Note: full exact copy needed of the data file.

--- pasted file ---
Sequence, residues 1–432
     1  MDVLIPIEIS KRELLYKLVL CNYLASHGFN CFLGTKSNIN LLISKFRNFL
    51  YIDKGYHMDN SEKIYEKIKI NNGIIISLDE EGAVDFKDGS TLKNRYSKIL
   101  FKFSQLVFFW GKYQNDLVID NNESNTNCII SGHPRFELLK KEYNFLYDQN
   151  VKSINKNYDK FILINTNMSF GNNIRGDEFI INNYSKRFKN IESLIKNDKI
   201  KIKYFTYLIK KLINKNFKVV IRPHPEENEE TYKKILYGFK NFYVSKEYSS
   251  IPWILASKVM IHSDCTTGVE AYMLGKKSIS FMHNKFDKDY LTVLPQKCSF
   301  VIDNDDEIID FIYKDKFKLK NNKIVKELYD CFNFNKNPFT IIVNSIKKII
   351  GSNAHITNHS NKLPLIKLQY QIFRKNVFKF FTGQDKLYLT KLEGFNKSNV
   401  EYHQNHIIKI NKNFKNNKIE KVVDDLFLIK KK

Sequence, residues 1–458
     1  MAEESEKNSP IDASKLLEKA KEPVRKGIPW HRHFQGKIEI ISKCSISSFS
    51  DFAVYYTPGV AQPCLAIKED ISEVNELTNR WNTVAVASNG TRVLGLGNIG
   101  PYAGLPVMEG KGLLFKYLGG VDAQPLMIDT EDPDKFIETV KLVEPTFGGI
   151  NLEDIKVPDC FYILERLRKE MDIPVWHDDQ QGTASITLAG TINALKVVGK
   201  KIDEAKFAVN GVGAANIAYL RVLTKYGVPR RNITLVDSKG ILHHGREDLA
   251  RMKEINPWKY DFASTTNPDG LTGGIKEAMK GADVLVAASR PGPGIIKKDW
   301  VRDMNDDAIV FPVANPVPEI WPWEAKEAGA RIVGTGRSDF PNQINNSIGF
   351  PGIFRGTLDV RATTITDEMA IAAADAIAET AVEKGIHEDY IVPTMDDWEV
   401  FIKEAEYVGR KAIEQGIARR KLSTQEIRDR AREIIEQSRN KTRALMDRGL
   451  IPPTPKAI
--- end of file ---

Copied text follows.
Sequence, residues 1–432
     1  MDVLIPIEIS KRELLYKLVL CNYLASHGFN CFLGTKSNIN LLISKFRNFL
    51  YIDKGYHMDN SEKIYEKIKI NNGIIISLDE EGAVDFKDGS TLKNRYSKIL
   101  FKFSQLVFFW GKYQNDLVID NNESNTNCII SGHPRFELLK KEYNFLYDQN
   151  VKSINKNYDK FILINTNMSF GNNIRGDEFI INNYSKRFKN IESLIKNDKI
   201  KIKYFTYLIK KLINKNFKVV IRPHPEENEE TYKKILYGFK NFYVSKEYSS
   251  IPWILASKVM IHSDCTTGVE AYMLGKKSIS FMHNKFDKDY LTVLPQKCSF
   301  VIDNDDEIID FIYKDKFKLK NNKIVKELYD CFNFNKNPFT IIVNSIKKII
   351  GSNAHITNHS NKLPLIKLQY QIFRKNVFKF FTGQDKLYLT KLEGFNKSNV
   401  EYHQNHIIKI NKNFKNNKIE KVVDDLFLIK KK

Sequence, residues 1–458
     1  MAEESEKNSP IDASKLLEKA KEPVRKGIPW HRHFQGKIEI ISKCSISSFS
    51  DFAVYYTPGV AQPCLAIKED ISEVNELTNR WNTVAVASNG TRVLGLGNIG
   101  PYAGLPVMEG KGLLFKYLGG VDAQPLMIDT EDPDKFIETV KLVEPTFGGI
   151  NLEDIKVPDC FYILERLRKE MDIPVWHDDQ QGTASITLAG TINALKVVGK
   201  KIDEAKFAVN GVGAANIAYL RVLTKYGVPR RNITLVDSKG ILHHGREDLA
   251  RMKEINPWKY DFASTTNPDG LTGGIKEAMK GADVLVAASR PGPGIIKKDW
   301  VRDMNDDAIV FPVANPVPEI WPWEAKEAGA RIVGTGRSDF PNQINNSIGF
   351  PGIFRGTLDV RATTITDEMA IAAADAIAET AVEKGIHEDY IVPTMDDWEV
   401  FIKEAEYVGR KAIEQGIARR KLSTQEIRDR AREIIEQSRN KTRALMDRGL
   451  IPPTPKAI